In a previous job we had an MSSQL data-warehouse that we wanted to connect to and pull out various views that defined customer lists so could email them. We used this module to refresh the schema dump on demand, reload it into the app and allow people using just a web browser to choose a view from the data warehouse, define columns or search criteria put these into a template (also created by them on the frontend) and email out. All this in about 30 lines of perl code for the database interface.

As another example just this week I was given the task of figuring out a client’s database structure with over 150 tables only about 5 of which even had a primary key. First thing – whip out the code above and get a full dump of all the tables into a perl class structure (by the way it was an oracle database – I’ve never used that brand of SQL before, wouldn’t know what command-line linux client to use and it’s a bit strange it doesn’t even have LIMIT – not a problem for DBIx::Class though). Within about 5 minutes I had a full dump of all tables including indexes, column types (and relationships if any had been defined). Within about 10 more minutes I could write a script to dump complex data based on relationships between the tables into a JSON format.

Please show me another language that has such great database-agnostic ORM support.

Update: DBIx::Class::Schema::Loader comes with a tool called dbicdump. If you just want to take a simple dump of the schema of the database above rather than writing the dump script yourself you can just run:

Angular Smart Table and drop-down select

The reason I wrote my previous post explaining my difficulties with selects was because I am currently using the excellent Smart Table angular module to bring some interactivity to tables in a project I’m working on. Smart Table seems to just work although I still find the st-table and st-safe-src attribute requirements a little strange.

One issue I have found is with filtering. The following does not filter properly (doesn’t filter anything), even though the option values seem to be set correctly:

Instead, you have to write out the select using an ng-repeat which seems to do the trick nicely:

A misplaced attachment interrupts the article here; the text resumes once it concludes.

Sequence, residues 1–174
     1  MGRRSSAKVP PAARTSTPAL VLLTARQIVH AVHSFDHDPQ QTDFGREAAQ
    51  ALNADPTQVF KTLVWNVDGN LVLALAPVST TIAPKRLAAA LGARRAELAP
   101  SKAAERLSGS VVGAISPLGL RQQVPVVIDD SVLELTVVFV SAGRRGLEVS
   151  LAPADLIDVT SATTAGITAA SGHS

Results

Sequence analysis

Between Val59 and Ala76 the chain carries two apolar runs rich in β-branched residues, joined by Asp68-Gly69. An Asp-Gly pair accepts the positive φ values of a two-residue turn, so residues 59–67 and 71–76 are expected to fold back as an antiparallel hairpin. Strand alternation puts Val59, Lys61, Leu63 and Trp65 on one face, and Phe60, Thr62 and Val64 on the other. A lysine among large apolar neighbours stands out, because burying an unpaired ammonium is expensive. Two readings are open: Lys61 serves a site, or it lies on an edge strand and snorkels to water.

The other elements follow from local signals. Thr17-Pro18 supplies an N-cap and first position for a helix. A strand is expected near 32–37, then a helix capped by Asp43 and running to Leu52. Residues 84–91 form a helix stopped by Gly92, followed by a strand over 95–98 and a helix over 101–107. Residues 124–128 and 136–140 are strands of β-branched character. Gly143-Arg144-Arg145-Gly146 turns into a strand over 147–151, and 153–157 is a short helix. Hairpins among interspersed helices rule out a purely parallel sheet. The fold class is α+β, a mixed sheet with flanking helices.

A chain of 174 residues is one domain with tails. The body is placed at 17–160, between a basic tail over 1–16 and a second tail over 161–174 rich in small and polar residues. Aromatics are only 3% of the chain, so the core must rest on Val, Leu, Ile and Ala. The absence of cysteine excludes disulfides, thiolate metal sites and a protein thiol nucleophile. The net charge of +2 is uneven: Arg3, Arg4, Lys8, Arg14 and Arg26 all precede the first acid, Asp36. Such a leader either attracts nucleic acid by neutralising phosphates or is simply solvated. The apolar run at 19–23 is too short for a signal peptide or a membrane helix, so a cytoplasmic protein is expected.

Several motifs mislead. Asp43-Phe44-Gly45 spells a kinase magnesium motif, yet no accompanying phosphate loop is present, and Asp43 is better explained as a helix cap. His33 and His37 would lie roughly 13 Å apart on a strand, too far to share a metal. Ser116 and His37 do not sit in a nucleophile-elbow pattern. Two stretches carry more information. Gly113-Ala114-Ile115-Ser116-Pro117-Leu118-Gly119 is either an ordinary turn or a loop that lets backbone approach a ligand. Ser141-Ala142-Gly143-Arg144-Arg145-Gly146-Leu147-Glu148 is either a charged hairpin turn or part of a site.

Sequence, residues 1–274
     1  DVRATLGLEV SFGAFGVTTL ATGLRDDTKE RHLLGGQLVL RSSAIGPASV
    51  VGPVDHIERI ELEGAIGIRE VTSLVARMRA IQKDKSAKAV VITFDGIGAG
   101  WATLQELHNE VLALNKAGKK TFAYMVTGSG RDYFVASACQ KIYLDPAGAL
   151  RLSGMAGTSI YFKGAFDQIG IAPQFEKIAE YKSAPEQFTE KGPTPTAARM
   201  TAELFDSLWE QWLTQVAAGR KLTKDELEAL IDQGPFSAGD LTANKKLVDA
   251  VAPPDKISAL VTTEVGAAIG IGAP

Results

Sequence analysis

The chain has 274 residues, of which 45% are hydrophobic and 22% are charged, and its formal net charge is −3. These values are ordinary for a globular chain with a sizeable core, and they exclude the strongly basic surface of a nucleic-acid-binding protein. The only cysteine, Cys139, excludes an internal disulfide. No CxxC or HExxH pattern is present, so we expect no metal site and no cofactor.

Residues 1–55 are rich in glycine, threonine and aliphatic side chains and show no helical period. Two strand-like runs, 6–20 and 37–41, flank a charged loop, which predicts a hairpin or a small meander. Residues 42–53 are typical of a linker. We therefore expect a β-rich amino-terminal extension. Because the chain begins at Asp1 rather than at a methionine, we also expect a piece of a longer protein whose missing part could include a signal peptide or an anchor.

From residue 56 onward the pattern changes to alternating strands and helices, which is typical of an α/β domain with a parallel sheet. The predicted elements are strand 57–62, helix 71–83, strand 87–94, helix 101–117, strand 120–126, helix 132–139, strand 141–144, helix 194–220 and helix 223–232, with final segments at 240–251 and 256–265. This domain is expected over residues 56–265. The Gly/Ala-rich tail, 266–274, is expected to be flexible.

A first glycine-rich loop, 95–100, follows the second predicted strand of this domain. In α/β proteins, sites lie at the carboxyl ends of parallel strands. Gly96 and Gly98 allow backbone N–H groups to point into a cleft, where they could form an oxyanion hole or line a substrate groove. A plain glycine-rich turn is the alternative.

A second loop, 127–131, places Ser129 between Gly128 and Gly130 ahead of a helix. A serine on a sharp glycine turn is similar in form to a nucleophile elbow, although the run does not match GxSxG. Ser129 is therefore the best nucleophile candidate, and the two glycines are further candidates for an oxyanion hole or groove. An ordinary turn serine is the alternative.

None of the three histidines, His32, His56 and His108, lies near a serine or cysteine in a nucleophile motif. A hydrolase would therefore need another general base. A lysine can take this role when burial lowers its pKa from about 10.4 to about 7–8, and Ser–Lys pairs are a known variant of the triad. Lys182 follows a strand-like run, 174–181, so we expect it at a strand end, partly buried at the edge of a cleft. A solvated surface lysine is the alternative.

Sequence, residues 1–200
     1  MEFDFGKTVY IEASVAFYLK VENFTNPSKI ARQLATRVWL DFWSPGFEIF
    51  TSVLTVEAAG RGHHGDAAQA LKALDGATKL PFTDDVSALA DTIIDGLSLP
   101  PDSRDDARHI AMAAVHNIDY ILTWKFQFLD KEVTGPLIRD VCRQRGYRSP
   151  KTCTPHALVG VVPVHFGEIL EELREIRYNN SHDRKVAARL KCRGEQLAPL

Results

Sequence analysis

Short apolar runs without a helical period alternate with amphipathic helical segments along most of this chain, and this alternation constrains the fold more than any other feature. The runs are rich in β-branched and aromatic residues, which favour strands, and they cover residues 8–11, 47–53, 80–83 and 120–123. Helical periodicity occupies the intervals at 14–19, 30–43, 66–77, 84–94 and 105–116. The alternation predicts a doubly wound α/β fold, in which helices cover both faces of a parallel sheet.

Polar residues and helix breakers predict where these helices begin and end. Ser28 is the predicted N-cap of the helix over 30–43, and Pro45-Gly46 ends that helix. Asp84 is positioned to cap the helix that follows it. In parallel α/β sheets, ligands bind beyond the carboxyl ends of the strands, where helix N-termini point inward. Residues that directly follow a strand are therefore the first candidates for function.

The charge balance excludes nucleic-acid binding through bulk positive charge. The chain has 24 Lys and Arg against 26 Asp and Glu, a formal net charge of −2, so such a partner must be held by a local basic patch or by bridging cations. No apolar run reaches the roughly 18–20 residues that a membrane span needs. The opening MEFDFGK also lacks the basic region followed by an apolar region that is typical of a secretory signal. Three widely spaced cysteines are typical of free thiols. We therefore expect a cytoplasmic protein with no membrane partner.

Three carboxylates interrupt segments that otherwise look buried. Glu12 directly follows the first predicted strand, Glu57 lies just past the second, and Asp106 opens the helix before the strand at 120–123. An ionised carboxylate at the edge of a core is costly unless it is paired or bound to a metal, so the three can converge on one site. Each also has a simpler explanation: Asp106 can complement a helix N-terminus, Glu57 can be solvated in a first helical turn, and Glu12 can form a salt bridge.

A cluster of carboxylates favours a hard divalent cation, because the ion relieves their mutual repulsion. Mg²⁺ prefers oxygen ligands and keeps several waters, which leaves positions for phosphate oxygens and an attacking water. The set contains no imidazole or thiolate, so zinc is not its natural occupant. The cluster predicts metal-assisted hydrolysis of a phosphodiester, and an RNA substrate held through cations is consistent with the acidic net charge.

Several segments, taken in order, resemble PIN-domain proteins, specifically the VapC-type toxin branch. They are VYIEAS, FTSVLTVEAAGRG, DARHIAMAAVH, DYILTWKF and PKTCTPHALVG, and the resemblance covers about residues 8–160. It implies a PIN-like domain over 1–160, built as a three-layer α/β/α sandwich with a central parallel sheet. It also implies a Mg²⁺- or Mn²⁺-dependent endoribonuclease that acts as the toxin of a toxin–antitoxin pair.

<select element problem in AngularJS

So I just spent 10 minutes trying to figure out why the following wasn’t working in AngularJS:

I spent ages checking my syntax and that the data was correct. Finally I discovered the reason – <select REQUIRES ng-model.

works just fine…

Switching to specific KDE activites using shortcut keys

Today I’ve been playing around with an incredibly powerful feature of KDE – activities. This basically means you can switch between entire sets of applications and virtual desktops very easily. As a consultant I usually have several different clients that I work for at the same time plus a set of programs I use personally. KDE Activities allows you to separate these and switch between them very easily. The default keypress to circle around the different activities is meta-tab but I wanted to be able to switch directly to a specific one, however this doesn’t have any specific support in KDE. Fortunately with Linux and KDE being so flexible I found a solution to this from this thread from 2011. As I was implementing it I noticed a number of changes that have been made so here is an updated version of the instructions:

Firstly, get a list of activity ID’s and their human-readable names; from the console:

Then open up the “Custom Shortcuts” program and create a new shortcut using “Edit -> New -> Global Shortcut -> D-Bus Command”. Fill out the D-Bus settings as follows:

And you’re done!